YAML, which stands for YAML Ain't Markup Language, is a human-readable data serialization format that's been widely adopted in a variety of use cases in Drupal. Anyone wanting to write modules or themes for Drupal will need to understand YAML syntax. Even site-builders are likely to encounter YAML, at least in passing, as YAML is the data serialization format of choice for Drupal's configuration management system as well.
You can spot YAML files in your Drupal codebase by looking for the
- Review updated/exported configuration prior to deploying it to the live site
- Use YAML files in a theme to provide metadata about the theme, asset libraries, and more
- Work with YAML files in a module to define routes, menu items, and basic module information
- Define default configuration
- Expose breakpoints for themes and modules
- Define menu routes and permissions
YAML syntax is not likely to change, nor is Drupal’s use of it. If anything, the specific key/value pairs that Drupal uses will evolve over time.
YAML, which stands for YAML Ain't Markup Language, is a human-readable data serialization format that's been widely adopted in a variety of use cases in Drupal. Anyone wanting to write modules, or themes, for Drupal will need to understand YAML syntax. Even site builders are likely to encounter YAML at least in passing as YAML is the data-serialization format of choice for Drupal's configuration management system. Good thing it's pretty easy to learn even with the most basic of programming backgrounds.
This tutorial will look at the YAML data format and provide examples of how to write and read YAML. Starting with an introduction to the language's syntax and some of the strengths of YAML. Then looking at the difference between scalar data types like strings and integers, and collection data types like lists and associative arrays.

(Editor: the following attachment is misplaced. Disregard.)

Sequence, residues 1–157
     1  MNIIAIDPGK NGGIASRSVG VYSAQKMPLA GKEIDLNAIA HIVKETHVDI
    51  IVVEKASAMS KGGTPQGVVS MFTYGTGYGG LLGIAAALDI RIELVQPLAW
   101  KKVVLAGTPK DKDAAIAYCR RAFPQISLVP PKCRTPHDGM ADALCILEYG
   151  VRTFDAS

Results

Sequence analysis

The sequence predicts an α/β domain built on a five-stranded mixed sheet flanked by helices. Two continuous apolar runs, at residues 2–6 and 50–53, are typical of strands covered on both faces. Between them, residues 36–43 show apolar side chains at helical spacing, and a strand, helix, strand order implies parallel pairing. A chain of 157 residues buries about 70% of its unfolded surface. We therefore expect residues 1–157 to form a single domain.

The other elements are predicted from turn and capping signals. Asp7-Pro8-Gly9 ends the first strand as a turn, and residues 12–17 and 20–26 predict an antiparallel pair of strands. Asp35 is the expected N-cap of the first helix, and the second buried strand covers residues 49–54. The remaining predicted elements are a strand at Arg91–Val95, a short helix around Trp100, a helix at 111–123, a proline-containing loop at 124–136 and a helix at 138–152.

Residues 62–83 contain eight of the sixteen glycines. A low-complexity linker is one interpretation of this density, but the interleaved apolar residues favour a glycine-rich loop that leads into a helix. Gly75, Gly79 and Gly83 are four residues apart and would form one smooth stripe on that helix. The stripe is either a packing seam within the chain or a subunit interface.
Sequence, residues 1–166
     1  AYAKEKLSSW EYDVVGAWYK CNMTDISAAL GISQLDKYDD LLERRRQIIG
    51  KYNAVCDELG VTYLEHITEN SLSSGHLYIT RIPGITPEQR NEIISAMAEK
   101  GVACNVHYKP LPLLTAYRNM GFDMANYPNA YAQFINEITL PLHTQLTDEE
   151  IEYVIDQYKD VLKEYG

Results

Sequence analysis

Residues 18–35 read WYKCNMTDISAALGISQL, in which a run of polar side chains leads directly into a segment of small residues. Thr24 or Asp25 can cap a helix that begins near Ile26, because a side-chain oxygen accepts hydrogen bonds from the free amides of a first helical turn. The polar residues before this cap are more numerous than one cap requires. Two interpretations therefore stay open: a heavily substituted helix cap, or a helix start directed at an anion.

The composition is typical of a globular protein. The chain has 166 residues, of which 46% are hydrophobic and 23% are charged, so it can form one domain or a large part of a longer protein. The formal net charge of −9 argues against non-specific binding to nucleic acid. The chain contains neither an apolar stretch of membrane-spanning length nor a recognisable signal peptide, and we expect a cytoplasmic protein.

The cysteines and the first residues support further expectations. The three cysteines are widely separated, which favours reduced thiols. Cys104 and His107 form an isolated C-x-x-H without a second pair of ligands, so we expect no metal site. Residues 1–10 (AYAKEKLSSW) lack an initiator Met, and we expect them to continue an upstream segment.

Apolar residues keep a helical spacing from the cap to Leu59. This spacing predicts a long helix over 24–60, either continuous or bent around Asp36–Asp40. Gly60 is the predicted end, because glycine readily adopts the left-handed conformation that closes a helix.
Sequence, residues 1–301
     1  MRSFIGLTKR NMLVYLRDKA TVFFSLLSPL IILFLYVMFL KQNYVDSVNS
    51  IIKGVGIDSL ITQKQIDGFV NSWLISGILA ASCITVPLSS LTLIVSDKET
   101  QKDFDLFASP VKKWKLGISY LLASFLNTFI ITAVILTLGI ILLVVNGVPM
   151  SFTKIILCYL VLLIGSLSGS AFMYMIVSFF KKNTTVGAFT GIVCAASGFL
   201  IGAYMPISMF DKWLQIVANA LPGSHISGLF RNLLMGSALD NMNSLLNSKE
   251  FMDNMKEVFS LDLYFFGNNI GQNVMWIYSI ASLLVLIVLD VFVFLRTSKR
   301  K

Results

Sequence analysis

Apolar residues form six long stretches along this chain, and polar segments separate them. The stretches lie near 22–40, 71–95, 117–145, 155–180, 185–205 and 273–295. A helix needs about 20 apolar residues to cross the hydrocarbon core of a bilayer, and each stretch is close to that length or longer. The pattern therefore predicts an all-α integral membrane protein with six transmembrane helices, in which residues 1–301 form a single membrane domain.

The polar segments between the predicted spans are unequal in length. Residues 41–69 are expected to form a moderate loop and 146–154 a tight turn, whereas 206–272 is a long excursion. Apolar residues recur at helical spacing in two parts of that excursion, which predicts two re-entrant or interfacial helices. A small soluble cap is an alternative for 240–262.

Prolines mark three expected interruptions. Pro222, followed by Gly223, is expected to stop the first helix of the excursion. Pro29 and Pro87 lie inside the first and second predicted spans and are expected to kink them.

Since YAML in the Drupal world is read into PHP and ultimately becomes a PHP data structure that we can use in our own code we'll also look at how the YAML we write in a .yml file is represented in PHP data types. To do this we'll use the YAML Sandbox module that provides a handy textarea into which we can type YAML and have it parsed into PHP data structures.
- Explain what YAML is and its strengths as a data serialization format
- Create scalar key/value pairs in YAML
- Create lists, and associative arrays using YAML collections
- Understand how the YAML you write is represented in PHP
- In Drupal, use the .yml extension and not .yaml
- Ensure your code editing application is configured to use spaces (preferably 2 spaces, as per Drupal coding standards), not the tab character when the TAB key is pressed. If you have tab characters in a YAML file within a Drupal environment, a fatal PHP error will be thrown and you'll see a White Screen of Death (WSOD).
- Copy and paste from an existing YAML file to ensure the formatting is correct, and edit from there.
- YAML Sandbox module
- Find other tutorials and external resources related to YAML on our YAML topic page (Drupalize.Me)
Info files, aka THEMENAME.info.yml files, provide Drupal with metadata about your theme, the features it supports, and the regions that it defines. All themes are required to have a THEMENAME.info.yml file, and creating one is generally the first step you'll take when creating a new theme.
In this tutorial we'll:
- Create a new .info.yml file and define a new theme
- Review the required key/value pairs of an .info.yml file
- Enable our new theme in the Drupal UI
By the end of this tutorial you'll be able start a new theme by creating the required *.info.yml file and better understand its contents.
Customizing the available regions in your theme is one of the first things you'll do when creating your own themes. Doing so gives you complete control over where content is displayed on the page, and the markup involved. Adding regions to a theme is a two-step process that involves editing your theme's THEMENAME.info.yml file and updating your page.html.twig file.